• Sera,
      I completely agree that it is really easy to feel bad for Marie Antoinette during this play. I didn’t even think about the fact that even if she wanted to do something, she really couldn’t have. As a woman, she wouldn’t have had the political power to make a change. This is why she acted the way she did. Her job was to look good and create an heir, everything else was basically up to her husband, who was failing at his job. Both members of the couple were extremely immature, but the blame is primarily on Louis XIV.

    • Sera,
      I liked your comments in the defense of Marie Antoinette. Like you, I do not think she should be at fault for her wealthy behavior because someone provided it for her, she did not know how to live on less, and before it was a problem, the King supported her spending. The play definitely shows that the 1% are people too, especially when Marie was shown in her backyard garden milking the cows, interacting with her friends, or talking to her child. However, I do think that the relationship between the 1% and 99% in this play can be compared to that in America today. The negative energy from the poor, wanting the rich to stop spending so frivolously and share their wealth is definitely seen in America.
      Sera,
      I liked your comments in the defense of Marie Antoinette. Like you, I do not think she should be at fault for her wealthy behavior because someone provided it for her, she did not know how to live on less, and before it was a problem, the King supported her spending. The play definitely shows that the 1% are people too, especially when Marie was shown in her backyard garden milking the cows, interacting with her friends, or talking to her child. However, I do think that the relationship between the 1% and 99% in this play can be compared to that in America today. The negative energy from the poor, wanting the rich to stop spending so frivolously and share their wealth is definitely seen in America.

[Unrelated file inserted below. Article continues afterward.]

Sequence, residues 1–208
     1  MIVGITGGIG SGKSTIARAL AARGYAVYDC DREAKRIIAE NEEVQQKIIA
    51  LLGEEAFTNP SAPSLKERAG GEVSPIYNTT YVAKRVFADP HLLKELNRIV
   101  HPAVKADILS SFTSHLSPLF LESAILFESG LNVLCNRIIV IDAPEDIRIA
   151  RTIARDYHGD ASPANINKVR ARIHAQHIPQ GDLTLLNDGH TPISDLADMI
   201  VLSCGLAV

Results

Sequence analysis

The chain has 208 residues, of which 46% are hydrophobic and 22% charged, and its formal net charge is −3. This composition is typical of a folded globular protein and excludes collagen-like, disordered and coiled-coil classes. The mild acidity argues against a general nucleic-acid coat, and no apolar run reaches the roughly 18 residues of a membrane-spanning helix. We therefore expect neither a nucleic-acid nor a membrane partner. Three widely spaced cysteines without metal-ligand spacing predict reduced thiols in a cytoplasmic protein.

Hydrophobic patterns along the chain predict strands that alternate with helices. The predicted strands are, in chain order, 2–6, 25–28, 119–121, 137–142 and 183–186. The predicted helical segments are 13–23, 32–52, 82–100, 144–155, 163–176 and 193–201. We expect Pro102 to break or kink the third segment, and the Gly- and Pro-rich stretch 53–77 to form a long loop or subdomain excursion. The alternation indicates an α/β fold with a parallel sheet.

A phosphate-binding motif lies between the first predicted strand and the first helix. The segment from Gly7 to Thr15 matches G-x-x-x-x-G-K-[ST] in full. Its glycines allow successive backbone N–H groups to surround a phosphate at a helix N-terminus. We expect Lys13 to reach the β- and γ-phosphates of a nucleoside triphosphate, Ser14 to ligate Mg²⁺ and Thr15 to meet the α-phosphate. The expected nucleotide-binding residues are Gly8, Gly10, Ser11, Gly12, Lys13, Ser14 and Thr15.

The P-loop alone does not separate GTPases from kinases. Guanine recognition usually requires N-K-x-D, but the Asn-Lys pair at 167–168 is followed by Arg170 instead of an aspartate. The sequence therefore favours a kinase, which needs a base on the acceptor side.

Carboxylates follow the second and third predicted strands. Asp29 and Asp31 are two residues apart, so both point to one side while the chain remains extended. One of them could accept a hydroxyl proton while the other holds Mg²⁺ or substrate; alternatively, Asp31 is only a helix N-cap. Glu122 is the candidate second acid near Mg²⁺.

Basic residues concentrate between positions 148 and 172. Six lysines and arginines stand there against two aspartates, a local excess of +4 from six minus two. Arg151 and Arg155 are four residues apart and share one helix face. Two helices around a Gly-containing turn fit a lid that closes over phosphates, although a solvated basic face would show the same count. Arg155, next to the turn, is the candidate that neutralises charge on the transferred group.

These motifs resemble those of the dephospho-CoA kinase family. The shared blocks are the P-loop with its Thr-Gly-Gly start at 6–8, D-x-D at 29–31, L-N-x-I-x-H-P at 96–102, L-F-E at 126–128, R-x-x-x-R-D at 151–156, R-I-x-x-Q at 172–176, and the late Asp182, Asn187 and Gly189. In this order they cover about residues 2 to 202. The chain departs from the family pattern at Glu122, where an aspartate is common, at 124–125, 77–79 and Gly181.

3. One thing I found intriguing about “Marie Antoinette” was the repeated reference to the image of wings. Axel Fersen often called Marie his “butterfly queen” and would talk about her with the image of her possessing flittering wings. Marie would often call herself a caged bird and how she was unable to flap her wings and escape. I saw the obvious reference to Marie’s upbringing, how she was always under watch, her life was never her control, and she always felt confined in her surroundings. In a way Marie was very much a bird trapped inside a cage. She had hopes of seeing Austria and getting to go wherever she wanted and would talk about them ambitiously like a bird trying to flap its wings. She was also stuck inside her own cage, her palace in France.